Atlantic Beach councilwoman faces ethics hearing on 10 allegations

vgrooms@thesunnews.comAugust 2, 2013 

— The S.C. State Ethics Commission will meet to hear allegations that Atlantic Beach Councilwoman Carolyn Cole used her office for her own economic interest.

The commission found enough probable cause to hear 10 counts after a complaint was filed in February by then-Councilman Jake Evans, according to commission documents.

The complaint said Cole violated state ethics by writing and signing checks to herself totaling $23,485 without council approval, and that the checks were written to satisfy a debt to her that was not included in the budget for fiscal year July 1, 2011 to June 30, 2012.

Cole’s hearing was to be held Sept. 18, but it is being postponed, according to Cathy Hazelwood, general counsel and deputy director for the commission.

Cole could face a $2,000 fine per violation, Hazelwood said.

“We as public officials are entrusted to oversee proper handling of public resources, and the commission looked into things that were questionable or inappropriate,” said Evans, who took his seat as the Atlantic Beach mayor in July.

“The taxpayers and citizens have been concerned about things like frivolous lawsuits and the writing and signing of checks. … I’m sure the citizens of Atlantic Beach are not liking this at all.”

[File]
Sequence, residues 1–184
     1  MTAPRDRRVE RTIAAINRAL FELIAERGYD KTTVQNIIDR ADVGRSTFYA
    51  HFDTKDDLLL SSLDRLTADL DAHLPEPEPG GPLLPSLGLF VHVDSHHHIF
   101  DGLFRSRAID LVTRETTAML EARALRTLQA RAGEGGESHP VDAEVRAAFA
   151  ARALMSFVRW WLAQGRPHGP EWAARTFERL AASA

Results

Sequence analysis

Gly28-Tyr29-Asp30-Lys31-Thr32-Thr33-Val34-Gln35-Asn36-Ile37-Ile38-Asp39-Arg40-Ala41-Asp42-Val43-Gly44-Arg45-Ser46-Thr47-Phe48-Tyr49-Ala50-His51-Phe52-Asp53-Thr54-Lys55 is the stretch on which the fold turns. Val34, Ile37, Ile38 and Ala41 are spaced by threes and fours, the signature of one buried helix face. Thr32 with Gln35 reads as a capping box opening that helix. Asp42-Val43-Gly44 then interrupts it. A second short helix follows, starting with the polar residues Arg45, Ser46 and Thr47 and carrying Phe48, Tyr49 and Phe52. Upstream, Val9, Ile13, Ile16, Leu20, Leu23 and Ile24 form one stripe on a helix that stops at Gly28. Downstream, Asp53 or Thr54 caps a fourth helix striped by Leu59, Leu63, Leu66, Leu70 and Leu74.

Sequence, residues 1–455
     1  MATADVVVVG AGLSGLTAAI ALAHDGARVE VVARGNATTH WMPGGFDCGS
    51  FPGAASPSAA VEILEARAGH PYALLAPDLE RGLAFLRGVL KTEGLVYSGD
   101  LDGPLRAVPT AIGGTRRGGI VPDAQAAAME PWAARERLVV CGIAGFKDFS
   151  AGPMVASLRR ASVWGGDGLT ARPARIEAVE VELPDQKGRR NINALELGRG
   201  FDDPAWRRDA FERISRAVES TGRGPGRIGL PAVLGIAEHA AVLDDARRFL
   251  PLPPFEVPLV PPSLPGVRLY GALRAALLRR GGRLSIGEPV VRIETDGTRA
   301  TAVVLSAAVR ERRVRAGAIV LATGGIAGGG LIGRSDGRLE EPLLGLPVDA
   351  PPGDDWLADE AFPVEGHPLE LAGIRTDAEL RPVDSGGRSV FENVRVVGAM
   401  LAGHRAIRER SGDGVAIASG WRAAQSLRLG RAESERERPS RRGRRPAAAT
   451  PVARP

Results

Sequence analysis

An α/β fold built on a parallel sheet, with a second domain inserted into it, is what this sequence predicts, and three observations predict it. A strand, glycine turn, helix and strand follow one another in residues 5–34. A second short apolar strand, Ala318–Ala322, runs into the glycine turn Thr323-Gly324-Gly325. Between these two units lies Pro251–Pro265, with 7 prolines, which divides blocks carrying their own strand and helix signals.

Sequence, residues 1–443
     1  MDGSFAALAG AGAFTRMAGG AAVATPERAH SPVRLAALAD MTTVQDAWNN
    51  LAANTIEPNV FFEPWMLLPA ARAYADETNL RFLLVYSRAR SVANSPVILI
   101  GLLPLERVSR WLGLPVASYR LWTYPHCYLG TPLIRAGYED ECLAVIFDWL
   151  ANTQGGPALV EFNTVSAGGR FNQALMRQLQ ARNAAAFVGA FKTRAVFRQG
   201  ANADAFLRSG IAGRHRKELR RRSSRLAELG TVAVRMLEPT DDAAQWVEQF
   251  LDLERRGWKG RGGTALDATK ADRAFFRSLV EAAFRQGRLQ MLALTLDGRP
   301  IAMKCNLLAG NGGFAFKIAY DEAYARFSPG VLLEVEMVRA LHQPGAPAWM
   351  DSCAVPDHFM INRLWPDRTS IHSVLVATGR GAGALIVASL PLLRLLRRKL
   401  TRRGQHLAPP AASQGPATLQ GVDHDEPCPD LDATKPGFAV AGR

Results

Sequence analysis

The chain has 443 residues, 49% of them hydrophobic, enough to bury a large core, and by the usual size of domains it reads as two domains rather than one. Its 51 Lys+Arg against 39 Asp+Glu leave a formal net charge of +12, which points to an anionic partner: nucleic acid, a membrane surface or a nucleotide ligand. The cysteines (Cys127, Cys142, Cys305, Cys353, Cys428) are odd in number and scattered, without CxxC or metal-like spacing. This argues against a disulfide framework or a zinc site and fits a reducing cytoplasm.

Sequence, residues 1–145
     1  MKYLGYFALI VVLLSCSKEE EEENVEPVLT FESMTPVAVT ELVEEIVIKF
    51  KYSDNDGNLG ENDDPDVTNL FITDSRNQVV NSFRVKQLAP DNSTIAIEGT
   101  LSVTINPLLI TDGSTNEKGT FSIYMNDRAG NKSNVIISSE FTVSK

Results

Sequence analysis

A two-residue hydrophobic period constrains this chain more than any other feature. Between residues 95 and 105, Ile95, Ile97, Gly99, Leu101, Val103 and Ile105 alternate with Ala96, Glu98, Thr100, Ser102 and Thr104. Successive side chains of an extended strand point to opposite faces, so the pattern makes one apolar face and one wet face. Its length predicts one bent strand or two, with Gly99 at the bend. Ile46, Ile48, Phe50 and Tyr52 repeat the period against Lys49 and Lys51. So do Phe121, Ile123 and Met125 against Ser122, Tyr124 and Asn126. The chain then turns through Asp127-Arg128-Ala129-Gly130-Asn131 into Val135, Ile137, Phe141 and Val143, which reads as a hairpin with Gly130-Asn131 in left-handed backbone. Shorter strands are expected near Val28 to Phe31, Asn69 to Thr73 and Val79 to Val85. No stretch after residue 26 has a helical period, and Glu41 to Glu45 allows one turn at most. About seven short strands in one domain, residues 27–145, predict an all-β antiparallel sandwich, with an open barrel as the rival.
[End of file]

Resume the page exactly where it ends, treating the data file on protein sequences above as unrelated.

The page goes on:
Cole said she was reluctant to discuss the complaint because of a confidentiality clause, but said she has been through this before and prevailed.

It is a continuation of the Tyson Beach Group loans issue, according to Cole.

Atlantic Beach settled two long-standing lawsuits involving Cole and the Tyson Beach Group last October, with monthly payments of $7,763.20 that began in November.

The town missed two payments, prompting a hearing at the Horry County Courthouse.

“I expected this, and I look forward to the hearing process,” Cole said.

“I believe that my attorney and I will be able to present facts contrary to what I’ve been accused of.”

The commission will hear 10 counts, including one accusation that Cole used her office to obtain an economic benefit for herself by signing a town check to herself.

Another allegation is that she signed a check to herself with an authorized signature stamp, according to commission documents.

The remaining eight counts said Cole used her office to influence a government decision in which she had an economic interest.

Those accusations stem from when she allegedly forced the town manager to issue checks to her for payment of a civil award of judgment against the town.

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